A Regulated Banking Organization is expected to define both physical absence and electronic absence in its Policy, taking into account the organization’s size, business model and complexity, operations, and locations, as well as its systems and networks, as applicable.
(c) Determining length and means of mandatory absence for sensitive positions
Depending on the level and types of risks assigned to each sensitive position, and in light of their internal control framework, Regulated Banking Organizations should determine the required manner and length of absence from the office for employees in sensitive positions, including (i) the length and means of denying access to the physical premises and sites of the Organization, and (ii) the length and means of denying access to the organization’s networks, intranet, or telecommunication and application systems. Regulated Banking Organizations may consider a flexible, tiered approach to their absence from the office requirements, based on the risk and the sensitivity of each position, such as permitting access to email and instant messaging while restricting access to financial, ledger, transactional, accounting, and similar systems.
(d) System of Internal Controls
A comprehensive system of internal controls is essential in assessing, detecting, and managing risks from potential fraudulent or other misconduct by employees to safeguard Regulated Banking Organizations’ assets and capital and to avoid undue operational, reputational, legal, or regulatory risks.
Generally, a Regulated Banking Organization’s internal controls should ensure that no individual employee could become a single point of failure, with higher-risk activities subject to stricter oversight. Regulated Banking Organizations should already have in place various oversight/supervisory controls as a routine matter, not just with respect to a required absence policy, and such controls may be leveraged as part of the mandatory office absence policies and procedures. For example, high-risk functions should be performed by multiple employees on a team who have been cross-trained, with segregation of duties and be subject to stricter oversight. Compensating controls and risk mitigants already implemented by Regulated Banking Organizations may be incorporated into the Policy and any implementing procedure(s) addressing this Revised Guidance.
A Regulated Banking Organization’s Policy and any implementing procedure(s) regarding mandatory office absence should be approved by its board of directors or an equivalent function, or an appropriate committee of the board of directors or an equivalent function, and include the following items, at a minimum:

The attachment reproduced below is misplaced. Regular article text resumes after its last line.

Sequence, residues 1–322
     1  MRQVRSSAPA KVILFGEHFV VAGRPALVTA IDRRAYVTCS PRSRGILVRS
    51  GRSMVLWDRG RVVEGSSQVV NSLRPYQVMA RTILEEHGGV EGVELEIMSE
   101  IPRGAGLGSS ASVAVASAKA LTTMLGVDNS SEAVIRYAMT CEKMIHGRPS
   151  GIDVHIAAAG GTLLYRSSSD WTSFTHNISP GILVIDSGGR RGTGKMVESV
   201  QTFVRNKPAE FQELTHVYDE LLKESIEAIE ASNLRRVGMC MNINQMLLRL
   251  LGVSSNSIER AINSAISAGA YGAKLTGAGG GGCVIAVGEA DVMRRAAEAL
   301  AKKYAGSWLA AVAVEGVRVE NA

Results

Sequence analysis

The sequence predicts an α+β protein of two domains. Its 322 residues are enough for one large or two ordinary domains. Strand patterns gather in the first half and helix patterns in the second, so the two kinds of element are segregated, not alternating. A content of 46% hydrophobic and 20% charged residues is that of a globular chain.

- Designation of specific sensitive positions subject to the Policy;
- Appropriate length of annual absence from the office for each such sensitive position;
- When compensating controls, such as an employee rotating duties in lieu of required absence, are to be utilized;
- Acknowledgement, whether in electronic or paper form, by each employee in a designated sensitive position that they are subject to, and are required to abide by, the Policy;
- Specific guidelines for when waivers from the requirements may be granted, with a prohibition on granting multiple consecutive waivers for an employee;
- Maintenance of a compliance log, whether in electronic or paper form, to track deviations and exceptions from compliance with such Policy and procedure(s);
- Validation of the effectiveness of the Policy on a periodic basis, which should at least be annually, by Internal Audit or a qualified, approved third-party service provider;
- A periodic review of the Policy, which should at least be annually, by the Regulated Banking Organization’s board of directors or an equivalent function, or an appropriate committee of the board of directors or an equivalent function, to determine if any changes or modifications are necessary and/or to approve significant proposed changes.
The Department recommends that Regulated Banking Organizations conduct targeted compliance and internal audit reviews of any office-related activities, either conducted internally or by a qualified, approved third-party service provider, including electronic communications, of employees while they are on mandatory absence from the office. The Department further recommends that Regulated Banking Organizations regularly review and monitor the activities of those employees who have not been absent from the office in accordance with the Regulated Banking Organizations’ policies and procedures, whether because of waiver or otherwise.
The Department will continue to review Regulated Banking Organizations’ written policies and procedures on mandatory absence from office, and the related compliance logs, during regular safety and soundness examinations.
Very truly yours,
Executive Deputy Superintendent – Banks
New York State Department of Financial Services